again paving the way, he beat the odds. Nixon bounced back again in
the 1968 presidential election to political rebirth in the White House
environment had had long coveted.
Even his opponents concede that Nixon was a remarkable man in countless
ways. A segment of the electorate takes a similar view. Despite the
cancer of Watergate which marred the political complexion of the country,
and what a large segment of American society branded as a failed Vietnam
policy, thousands streamed by his casket to bid final good byes in
His political opponents, Republican insiders and former aides characterize
Nixon as a complex, torn man. Even admirers concede that some of the
pages of his administration's history are checkered and redolent with
unmatched levels of corruption. At first glance, it could appear that
Nixon's achievements are overshadowed by machinations springing from
the so-called dark side of his personality.
Former close associates, anxiously perhaps to try to even the scales
of historical evaluation, decry his motivations and errors of judgement,
but are quick to express admiration for his logic, intelligence, far-sightedness
and achievements, particularly in seeking world peace.
What are John and Jane Doe to think of this secretive, brooding, shy,
Machiavellian figure, so uneasy with people in public, yet renowned
for his loyalty to colleagues and for brilliance in conceptual and
Some, of course, persist in rejecting him. They are unable to forgive
the illegal activities; wiretapping even of trusted aides; his ethnic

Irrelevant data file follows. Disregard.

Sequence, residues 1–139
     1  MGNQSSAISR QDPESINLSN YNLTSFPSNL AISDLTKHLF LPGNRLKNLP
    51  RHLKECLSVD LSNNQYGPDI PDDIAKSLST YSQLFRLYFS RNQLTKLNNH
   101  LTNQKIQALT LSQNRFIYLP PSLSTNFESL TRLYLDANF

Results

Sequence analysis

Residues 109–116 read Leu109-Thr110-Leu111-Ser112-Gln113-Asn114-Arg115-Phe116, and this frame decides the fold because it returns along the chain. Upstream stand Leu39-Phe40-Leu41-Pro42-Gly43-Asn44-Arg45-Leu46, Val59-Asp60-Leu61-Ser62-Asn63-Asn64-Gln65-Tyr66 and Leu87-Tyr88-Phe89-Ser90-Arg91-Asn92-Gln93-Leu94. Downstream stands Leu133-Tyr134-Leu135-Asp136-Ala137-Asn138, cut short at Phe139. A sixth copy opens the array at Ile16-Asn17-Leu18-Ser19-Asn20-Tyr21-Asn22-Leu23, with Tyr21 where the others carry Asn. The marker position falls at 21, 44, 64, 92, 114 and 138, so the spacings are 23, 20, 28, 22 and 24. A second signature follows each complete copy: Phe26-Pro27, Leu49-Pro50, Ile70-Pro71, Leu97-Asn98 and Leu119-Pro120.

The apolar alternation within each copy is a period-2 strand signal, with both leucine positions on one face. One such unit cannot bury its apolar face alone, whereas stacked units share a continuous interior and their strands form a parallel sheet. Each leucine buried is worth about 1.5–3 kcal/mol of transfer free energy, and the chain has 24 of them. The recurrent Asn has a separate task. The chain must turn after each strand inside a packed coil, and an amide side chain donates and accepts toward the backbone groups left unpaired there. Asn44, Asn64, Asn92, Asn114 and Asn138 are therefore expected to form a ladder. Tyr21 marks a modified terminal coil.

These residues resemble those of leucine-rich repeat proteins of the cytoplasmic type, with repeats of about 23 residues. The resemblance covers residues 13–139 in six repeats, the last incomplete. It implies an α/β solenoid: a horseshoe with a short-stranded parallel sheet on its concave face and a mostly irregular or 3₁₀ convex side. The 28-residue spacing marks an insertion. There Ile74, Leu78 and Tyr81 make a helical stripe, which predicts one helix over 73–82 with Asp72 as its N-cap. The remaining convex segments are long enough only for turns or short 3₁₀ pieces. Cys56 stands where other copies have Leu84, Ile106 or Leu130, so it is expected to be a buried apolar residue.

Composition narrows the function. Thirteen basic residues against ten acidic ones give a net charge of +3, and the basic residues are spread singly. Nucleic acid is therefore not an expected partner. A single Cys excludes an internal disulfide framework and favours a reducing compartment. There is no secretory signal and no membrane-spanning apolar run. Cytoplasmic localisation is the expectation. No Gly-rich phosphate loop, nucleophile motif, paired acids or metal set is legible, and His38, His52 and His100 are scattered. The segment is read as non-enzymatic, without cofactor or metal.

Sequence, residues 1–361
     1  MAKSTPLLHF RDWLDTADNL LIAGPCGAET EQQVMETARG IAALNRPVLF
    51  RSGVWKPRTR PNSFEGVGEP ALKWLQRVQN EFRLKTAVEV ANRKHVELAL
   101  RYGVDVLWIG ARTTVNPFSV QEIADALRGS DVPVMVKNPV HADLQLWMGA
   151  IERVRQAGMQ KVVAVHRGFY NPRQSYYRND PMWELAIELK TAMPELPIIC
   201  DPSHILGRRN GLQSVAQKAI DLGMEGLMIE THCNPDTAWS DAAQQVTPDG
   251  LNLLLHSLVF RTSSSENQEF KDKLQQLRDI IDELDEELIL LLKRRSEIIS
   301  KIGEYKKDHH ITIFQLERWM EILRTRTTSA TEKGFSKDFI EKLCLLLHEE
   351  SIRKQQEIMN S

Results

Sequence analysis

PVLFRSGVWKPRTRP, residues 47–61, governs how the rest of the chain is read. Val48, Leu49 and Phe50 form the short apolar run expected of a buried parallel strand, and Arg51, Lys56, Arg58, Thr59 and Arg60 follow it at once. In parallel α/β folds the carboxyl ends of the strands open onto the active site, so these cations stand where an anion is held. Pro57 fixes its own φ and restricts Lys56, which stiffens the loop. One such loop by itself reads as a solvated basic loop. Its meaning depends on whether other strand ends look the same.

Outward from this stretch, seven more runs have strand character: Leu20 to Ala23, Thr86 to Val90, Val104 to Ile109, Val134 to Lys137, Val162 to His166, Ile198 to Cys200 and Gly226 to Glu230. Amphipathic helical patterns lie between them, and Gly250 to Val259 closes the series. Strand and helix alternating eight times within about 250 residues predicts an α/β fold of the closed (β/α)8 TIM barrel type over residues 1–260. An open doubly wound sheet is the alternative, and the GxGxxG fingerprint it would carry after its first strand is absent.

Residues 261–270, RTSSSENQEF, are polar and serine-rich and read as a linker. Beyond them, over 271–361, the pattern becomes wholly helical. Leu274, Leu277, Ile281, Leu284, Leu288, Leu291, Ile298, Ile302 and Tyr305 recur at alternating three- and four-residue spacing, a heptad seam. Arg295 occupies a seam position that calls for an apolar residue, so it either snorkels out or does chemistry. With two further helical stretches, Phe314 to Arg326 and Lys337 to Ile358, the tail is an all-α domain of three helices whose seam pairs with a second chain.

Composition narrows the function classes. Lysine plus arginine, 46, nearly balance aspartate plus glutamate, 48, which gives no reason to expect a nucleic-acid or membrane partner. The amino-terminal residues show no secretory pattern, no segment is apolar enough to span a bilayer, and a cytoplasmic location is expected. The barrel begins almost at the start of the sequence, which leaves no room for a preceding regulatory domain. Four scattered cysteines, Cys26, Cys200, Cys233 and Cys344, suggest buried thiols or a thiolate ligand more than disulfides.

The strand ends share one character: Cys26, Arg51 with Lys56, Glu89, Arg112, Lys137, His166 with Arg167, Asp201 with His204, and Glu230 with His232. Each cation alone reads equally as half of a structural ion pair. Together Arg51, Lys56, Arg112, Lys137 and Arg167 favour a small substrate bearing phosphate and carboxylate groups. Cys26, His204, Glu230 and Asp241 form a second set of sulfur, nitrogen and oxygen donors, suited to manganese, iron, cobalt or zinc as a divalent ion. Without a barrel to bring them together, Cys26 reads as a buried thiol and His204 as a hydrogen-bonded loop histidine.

bigotry, revealed through White House tapes he had installed without
even informing those whose words have made sometimes sordid history.
Some detractors were scandalized by the White House declaration of
a National Day of Mourning, which closed down the government and cost
the tax payers probably in excess of $30 million in these days of
towering budget deficits. The White House notes the tradition of such
proclamations, citing the passing of such leaders as Harry Truman,
John Kennedy and Lyndon Johnson.
It did seem certain that the vast majority of government workers--like
the critics who color the Watergate stigma in the deepest shade of
black--were not necessarily mourning the passing of a man who was
a symbol of White House shame a generation ago.
Still, anyone who indulged in the flood of media offerings in the
wake of his stroke, death and funeral certainly has encountered a
fuller measure of Richard Nixon and what he represented. In a way,
this could be regarded as vindication, of sorts, for the once-besieged
Richard Nixon. The thrust of memorial addresses, editorials and recollections
by those who knew him seems to be to emphasize his gifts and accomplishments,
rather than the character flaws that brought him down.
And after all, wouldn't the former disgraced chief executive, were
he able to observe from New Jersey or California or the world capitals
which he so often visited, revel in the front page emergence of a
more balanced perception of his record as president and elder statesman
of the most powerful nation on earth?